The 2011 Baltimore Grand Prix Labor Day weekend looked like a success. Every driver I spoke to, from the race winner Will Power to Graham Rahal, all loved the street course. A crowd of nearly 160,000 packed the streets of Charm City to watch the three days of racing.
From a television standpoint, the race course weaving along Baltimore's beautiful Inner Harbor and through the city provided viewers stunning pictures of Baltimore. Having an IndyCar race within easy driving distance of Washington and New York made the event a success on the surface.
But as often happens, what fans don't see is the cost and behind-the-scenes workings of the promoter and the city leaders that in the end decide if the race was a true success. So on that very important point, the 2011 Baltimore Grand Prix was a disaster.
Here we are now just a little over five months from the 2012 edition of the Baltimore Grand Prix set for Labor Day Weekend, but once again the future of the race is very much up in the air. The new team in place, led by Downforce Racing, has thus far missed some major benchmarks, in the process causing the future of the race to be very much in flux.
How bad are things at this moment?
Well IndyCar CEO Randy Bernard sent two of his top executives to Baltimore to meet with city leaders and Downforce Racing to help resolve the issues. Thus far, the group has not set forth a process to buy tickets, found a title sponsor or worked out key details with the Maryland Stadium Authority; there are other issues, but those are the key ones.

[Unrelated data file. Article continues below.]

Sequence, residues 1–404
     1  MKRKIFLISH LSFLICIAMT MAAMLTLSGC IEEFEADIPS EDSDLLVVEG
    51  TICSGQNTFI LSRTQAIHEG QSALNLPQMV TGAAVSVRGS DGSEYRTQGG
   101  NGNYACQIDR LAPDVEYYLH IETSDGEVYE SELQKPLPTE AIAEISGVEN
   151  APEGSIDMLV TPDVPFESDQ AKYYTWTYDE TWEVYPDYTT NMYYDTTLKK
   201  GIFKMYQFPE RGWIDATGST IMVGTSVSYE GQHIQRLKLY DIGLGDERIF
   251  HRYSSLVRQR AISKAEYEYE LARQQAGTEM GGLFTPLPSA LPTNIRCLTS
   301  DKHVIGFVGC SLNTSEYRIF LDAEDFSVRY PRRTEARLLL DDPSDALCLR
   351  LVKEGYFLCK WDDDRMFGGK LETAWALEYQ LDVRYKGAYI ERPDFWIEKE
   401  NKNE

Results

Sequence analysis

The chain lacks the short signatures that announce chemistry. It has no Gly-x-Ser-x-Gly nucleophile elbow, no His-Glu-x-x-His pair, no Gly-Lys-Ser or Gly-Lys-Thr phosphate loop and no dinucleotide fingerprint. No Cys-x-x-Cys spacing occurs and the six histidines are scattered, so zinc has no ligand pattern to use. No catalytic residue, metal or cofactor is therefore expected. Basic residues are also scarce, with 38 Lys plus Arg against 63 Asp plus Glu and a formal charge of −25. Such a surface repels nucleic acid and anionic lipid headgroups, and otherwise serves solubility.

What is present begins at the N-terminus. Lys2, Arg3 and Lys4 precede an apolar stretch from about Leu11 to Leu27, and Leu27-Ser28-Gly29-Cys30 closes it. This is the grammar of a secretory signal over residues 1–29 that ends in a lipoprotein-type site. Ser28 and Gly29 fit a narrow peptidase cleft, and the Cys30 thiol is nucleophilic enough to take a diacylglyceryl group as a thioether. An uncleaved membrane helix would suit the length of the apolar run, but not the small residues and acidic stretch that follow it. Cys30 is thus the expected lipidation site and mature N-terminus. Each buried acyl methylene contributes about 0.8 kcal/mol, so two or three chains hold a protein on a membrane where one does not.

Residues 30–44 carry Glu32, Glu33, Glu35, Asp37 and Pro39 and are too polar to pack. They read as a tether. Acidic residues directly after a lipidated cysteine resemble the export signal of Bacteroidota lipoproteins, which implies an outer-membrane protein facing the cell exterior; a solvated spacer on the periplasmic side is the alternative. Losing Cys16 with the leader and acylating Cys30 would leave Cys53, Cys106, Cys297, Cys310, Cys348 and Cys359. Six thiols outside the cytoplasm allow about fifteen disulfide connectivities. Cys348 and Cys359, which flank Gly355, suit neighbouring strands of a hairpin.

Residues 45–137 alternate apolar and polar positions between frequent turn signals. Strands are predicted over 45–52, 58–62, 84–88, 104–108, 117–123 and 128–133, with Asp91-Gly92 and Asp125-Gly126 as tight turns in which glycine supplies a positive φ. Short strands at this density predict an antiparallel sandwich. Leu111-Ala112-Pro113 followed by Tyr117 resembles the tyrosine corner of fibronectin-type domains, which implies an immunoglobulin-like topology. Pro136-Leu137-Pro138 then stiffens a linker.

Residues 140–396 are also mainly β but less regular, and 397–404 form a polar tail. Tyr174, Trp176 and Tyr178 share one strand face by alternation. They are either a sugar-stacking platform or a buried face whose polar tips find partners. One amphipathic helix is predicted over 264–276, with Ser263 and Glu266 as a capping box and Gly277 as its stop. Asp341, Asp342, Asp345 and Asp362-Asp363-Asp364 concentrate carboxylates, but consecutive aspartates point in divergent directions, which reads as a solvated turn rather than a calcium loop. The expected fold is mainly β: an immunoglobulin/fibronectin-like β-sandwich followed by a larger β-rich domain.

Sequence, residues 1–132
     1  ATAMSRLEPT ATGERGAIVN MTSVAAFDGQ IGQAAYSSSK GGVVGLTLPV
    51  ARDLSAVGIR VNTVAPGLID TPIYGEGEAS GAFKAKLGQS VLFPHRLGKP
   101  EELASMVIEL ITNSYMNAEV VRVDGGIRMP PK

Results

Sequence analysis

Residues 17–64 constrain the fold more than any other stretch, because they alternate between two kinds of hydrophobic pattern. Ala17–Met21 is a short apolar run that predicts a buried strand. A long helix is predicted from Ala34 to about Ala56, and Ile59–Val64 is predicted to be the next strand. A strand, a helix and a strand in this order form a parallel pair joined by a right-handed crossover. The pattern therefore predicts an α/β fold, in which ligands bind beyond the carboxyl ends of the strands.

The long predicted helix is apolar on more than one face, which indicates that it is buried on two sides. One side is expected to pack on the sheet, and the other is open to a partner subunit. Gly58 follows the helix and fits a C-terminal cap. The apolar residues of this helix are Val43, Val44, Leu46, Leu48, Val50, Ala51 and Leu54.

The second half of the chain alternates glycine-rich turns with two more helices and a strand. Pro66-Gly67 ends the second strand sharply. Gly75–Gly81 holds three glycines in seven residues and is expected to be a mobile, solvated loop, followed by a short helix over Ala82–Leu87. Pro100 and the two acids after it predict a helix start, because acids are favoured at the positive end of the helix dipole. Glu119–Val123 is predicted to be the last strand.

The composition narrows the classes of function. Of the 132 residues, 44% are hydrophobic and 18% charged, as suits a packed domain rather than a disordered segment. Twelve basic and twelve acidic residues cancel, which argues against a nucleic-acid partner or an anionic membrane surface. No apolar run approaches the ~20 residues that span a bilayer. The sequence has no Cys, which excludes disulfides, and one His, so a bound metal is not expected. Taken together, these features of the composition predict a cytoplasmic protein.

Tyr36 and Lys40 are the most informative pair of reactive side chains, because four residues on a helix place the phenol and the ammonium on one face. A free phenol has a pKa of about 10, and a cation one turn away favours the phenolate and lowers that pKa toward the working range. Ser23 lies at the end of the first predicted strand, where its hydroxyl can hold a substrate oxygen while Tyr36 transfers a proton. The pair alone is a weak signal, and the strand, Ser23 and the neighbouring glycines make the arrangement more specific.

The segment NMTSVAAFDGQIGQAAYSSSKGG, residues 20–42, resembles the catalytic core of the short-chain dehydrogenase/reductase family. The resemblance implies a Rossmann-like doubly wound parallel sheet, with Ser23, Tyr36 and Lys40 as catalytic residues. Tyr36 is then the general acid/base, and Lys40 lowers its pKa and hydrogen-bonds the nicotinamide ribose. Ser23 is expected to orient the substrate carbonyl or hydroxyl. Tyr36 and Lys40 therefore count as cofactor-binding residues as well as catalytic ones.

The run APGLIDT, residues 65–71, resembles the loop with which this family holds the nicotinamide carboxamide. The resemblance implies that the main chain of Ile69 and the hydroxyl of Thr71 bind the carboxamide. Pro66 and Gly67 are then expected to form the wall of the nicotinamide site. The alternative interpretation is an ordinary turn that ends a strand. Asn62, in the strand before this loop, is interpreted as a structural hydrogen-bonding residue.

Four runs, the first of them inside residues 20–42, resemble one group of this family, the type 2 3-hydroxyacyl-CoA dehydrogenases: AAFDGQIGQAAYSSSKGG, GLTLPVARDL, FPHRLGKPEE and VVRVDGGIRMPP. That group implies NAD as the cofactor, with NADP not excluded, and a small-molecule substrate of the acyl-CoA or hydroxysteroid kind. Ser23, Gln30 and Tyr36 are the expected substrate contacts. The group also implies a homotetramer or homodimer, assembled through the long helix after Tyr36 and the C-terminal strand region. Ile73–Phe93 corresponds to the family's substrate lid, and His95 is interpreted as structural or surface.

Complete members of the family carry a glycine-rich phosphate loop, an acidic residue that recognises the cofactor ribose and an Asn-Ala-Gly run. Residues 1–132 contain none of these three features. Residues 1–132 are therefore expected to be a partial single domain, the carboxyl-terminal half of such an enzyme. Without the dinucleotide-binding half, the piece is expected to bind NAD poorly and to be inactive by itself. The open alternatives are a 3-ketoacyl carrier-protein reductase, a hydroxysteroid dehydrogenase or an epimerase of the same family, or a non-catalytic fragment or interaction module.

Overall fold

The 2012 Baltimore Grand Prix website offers very little information on how to get tickets or become a sponsor other than joining an email list.
To make matters even more difficult, the Baltimore Sun came out with an editorial today calling for the city to forget the Grand Prix.
The IndyCar Series would hate to lose a city that has nearly 15 million people within a three-hour drive of the event, but unless the city and Downforce Racing can resolve their issues soon, then Baltimore will not be hosting a Grand Prix on Labor Day.
But there is still time to make it happen, and give credit to Bernard for doing all he can to keep things together.
There are two key things to watch for over the next few weeks. The first is whether Downforce Racing boss Dale Dillon walks away from the project. If so, it will a key sign that the Baltimore Grand Prix could be a one-and-done race.
The other is whether a major sponsor is landed before the second week of May to get things jump-started. So we will find out soon if Baltimore will be a Grand Prix city.
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